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Only 10 weeks after taking over as the Vancouver Airport Authority’s chief executive officer, Tamara Vrooman made the difficult decision in September to halt a major expansion program.
Vrooman didn’t fixate on the $525 million already spent on developing new infrastructure. Instead, she looked at depressed travel trends during the pandemic and opted to stop construction of facilities such as a central utilities building and a six-storey parkade. The hope is to eventually complete the capital program for an estimated $275 million in future.
“We don’t lose that investment that we’ve made. We’re able to just continue it. So think of it as we’re breaking it into two rather large phases,” she said in an interview with Skies in late October.
The authority manages Vancouver International Airport, also known by its code, YVR.
A separate project, the $300 million Pier D international terminal expansion, had been temporarily delayed amid health precautions against the spread of the novel coronavirus. But Pier D resumed construction in the summer since it would be nearing completion by the end of 2020.
YVR, like other airports around the world, has watched its passenger traffic plunge during the COVID-19 crisis.
In September, for example, YVR handled 355,414 passengers, down 85 per cent from the same month in 2019. For the full 12 months of 2020, Canada’s secondlargest airport is forecasting traffic of roughly seven million passengers, compared with a record high of almost 26.4 million travellers in 2019.
In May, YVR announced a 25 per cent reduction of its 550-person work force, underscoring the severity of the impact of COVID-19 on air travel.
Vrooman joined YVR on July 1, after nearly 13 years as CEO of Vancouver City Savings Credit Union (Vancity). She replaced the retiring Craig Richmond, who led YVR for seven years.
At Vancity, Vrooman took over the top job just as the financial crisis was unfolding in the fall of 2007. In 2020, she describes her new role as guiding YVR during a health crisis.
“It’s not very many times in your career that you get an opportunity, in this case for us, to take a couple of steps back and look at a whole business end to end,” she said.
“And that’s what we’re doing at YVR, and I don’t regret it for one moment. This is a fantastic organization — really important to our region and to our economy and our community.”
The University of British Columbia has partnered with YVR and WestJet on a voluntary trial project for COVID-19 rapid testing.
“Our first objective is about selecting a type of rapid test that is useful in an airport environment, scalable to recovering passenger traffic volumes and has strong potential for future Health Canada approval,” according to a joint statement by YVR’s Robyn McVicker and WestJet’s Billy Nolen.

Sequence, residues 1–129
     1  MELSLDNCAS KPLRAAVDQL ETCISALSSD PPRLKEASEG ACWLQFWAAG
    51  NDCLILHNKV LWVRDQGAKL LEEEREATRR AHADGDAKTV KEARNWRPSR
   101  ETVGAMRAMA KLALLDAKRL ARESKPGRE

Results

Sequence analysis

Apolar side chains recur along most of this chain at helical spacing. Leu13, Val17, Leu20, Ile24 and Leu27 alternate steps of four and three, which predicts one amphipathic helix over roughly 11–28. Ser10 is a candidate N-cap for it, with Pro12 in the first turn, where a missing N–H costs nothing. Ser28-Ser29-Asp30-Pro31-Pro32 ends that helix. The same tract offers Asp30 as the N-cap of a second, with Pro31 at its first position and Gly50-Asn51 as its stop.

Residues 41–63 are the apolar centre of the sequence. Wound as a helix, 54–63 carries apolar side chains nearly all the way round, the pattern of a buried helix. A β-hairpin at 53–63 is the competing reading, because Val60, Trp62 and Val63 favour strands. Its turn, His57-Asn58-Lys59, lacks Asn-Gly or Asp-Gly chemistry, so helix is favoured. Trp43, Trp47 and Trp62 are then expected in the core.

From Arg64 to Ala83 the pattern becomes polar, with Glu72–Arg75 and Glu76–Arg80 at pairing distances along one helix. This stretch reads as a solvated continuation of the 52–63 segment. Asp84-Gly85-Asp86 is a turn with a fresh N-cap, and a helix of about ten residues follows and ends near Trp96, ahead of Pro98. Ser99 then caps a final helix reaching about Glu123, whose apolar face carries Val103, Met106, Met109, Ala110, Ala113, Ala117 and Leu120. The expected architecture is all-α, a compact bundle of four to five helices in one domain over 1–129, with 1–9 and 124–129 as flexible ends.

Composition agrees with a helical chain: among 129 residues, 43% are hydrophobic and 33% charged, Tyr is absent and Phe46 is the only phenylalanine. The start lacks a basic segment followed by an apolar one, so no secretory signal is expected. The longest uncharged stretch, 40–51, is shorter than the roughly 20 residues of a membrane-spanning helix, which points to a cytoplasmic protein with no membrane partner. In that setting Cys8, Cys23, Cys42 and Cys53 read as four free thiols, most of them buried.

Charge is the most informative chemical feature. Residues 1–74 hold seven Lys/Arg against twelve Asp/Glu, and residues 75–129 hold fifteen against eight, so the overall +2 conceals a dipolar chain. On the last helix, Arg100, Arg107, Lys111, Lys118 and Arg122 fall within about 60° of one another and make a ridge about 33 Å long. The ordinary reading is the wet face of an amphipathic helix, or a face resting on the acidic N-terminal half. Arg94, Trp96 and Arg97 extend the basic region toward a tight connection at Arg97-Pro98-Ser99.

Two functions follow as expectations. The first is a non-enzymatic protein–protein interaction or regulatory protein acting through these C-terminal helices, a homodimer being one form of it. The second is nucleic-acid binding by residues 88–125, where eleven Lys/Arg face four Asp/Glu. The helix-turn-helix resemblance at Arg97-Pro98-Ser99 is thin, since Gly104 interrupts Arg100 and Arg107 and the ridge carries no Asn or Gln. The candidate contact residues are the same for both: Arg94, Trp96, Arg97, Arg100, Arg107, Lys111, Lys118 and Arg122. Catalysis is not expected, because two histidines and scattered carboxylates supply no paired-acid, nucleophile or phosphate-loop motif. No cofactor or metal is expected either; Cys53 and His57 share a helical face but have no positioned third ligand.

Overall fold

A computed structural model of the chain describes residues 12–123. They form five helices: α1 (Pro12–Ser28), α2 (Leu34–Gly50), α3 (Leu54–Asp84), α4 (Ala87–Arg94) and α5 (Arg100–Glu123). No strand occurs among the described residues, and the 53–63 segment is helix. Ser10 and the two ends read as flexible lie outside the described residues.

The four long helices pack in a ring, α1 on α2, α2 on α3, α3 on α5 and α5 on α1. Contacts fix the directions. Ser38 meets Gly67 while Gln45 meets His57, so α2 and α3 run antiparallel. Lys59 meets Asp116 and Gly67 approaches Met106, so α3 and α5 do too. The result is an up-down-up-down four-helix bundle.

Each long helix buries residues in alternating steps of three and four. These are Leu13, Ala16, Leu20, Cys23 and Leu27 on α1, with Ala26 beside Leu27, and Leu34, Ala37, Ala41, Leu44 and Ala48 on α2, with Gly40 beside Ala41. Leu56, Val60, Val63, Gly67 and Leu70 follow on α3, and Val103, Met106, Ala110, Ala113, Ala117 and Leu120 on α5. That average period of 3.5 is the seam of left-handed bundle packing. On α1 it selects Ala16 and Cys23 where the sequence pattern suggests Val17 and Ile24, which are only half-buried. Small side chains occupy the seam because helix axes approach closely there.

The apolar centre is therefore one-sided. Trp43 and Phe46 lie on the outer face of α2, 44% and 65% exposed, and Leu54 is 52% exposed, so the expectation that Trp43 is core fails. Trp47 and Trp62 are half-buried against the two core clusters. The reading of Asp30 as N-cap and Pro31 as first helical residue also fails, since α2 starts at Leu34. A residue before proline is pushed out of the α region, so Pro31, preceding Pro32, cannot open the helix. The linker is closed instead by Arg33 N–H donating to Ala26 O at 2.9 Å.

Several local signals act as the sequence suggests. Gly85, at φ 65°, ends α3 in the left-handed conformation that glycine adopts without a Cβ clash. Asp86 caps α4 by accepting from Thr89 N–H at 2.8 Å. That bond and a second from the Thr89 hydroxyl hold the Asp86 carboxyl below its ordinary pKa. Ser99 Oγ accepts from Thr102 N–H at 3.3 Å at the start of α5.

They added that a COVID-19 testing pilot project with Canadians arriving from foreign locales at Calgary International Airport is geared toward reducing quarantine times to as little as two days. That Calgary project led by the Alberta and Canadian governments complements the trial at YVR, which calls for four hours of sampling daily to test for COVID-19 with departing WestJet passengers who are from the Vancouver region.
Looking ahead to 2021, Vrooman said travel demand will hinge on what types of travel restrictions and advisories are in place. “We’re starting to learn how to live and therefore travel safely with COVID-19,” she said.
“If the U.S. border were to open or there were testing protocols in place that would significantly reduce quarantine times, then we might see a domestic uptick, or domestic plus transborder uptick, or domestic, transborder and international. We’re using this opportunity to really take a look at all of our processes such that when passengers come back, we can do things better than we did before the pandemic.”
Ferio Pugliese, senior vice-president of Air Canada Express and government relations, said it’s important to discuss reopening the Canada-U.S. border in a safe fashion.
“There are a variety of things that can be done to stimulate a very safe, progressive, staged, and measured reopening of any border,” said Pugliese during a tourism forum webcast by the Greater Vancouver Board of Trade in November.
He said the long-term impact of COVID-19 could be felt for another three to five years, and government assistance will be among the measures required to boost the aviation and tourism sectors.
“Looking forward, we can all overcome this if we work closely together,” said Pugliese.
Vrooman emphasized that airports play a crucial role in regional economic development.
“I have a strong interest in working with our two main domestic carriers. . . . They are committed to our community and our region in a way that international carriers just simply can’t be, because they’re committed to their own jurisdictions,” she said, adding that it is also important to nurture relationships with foreign airlines.